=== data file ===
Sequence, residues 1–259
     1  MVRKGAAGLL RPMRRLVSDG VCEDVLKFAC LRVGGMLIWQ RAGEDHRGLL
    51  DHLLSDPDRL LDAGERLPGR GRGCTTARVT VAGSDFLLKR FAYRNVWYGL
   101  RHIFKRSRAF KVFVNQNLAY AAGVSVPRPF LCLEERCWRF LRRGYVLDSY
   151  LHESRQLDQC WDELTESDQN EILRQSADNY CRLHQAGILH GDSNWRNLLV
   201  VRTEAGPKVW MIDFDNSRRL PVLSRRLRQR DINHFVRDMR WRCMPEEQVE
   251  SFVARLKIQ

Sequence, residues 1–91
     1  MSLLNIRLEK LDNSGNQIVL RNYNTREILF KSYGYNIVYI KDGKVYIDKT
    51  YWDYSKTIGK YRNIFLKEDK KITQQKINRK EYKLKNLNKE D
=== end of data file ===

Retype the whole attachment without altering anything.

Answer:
Sequence, residues 1–259
     1  MVRKGAAGLL RPMRRLVSDG VCEDVLKFAC LRVGGMLIWQ RAGEDHRGLL
    51  DHLLSDPDRL LDAGERLPGR GRGCTTARVT VAGSDFLLKR FAYRNVWYGL
   101  RHIFKRSRAF KVFVNQNLAY AAGVSVPRPF LCLEERCWRF LRRGYVLDSY
   151  LHESRQLDQC WDELTESDQN EILRQSADNY CRLHQAGILH GDSNWRNLLV
   201  VRTEAGPKVW MIDFDNSRRL PVLSRRLRQR DINHFVRDMR WRCMPEEQVE
   251  SFVARLKIQ

Sequence, residues 1–91
     1  MSLLNIRLEK LDNSGNQIVL RNYNTREILF KSYGYNIVYI KDGKVYIDKT
    51  YWDYSKTIGK YRNIFLKEDK KITQQKINRK EYKLKNLNKE D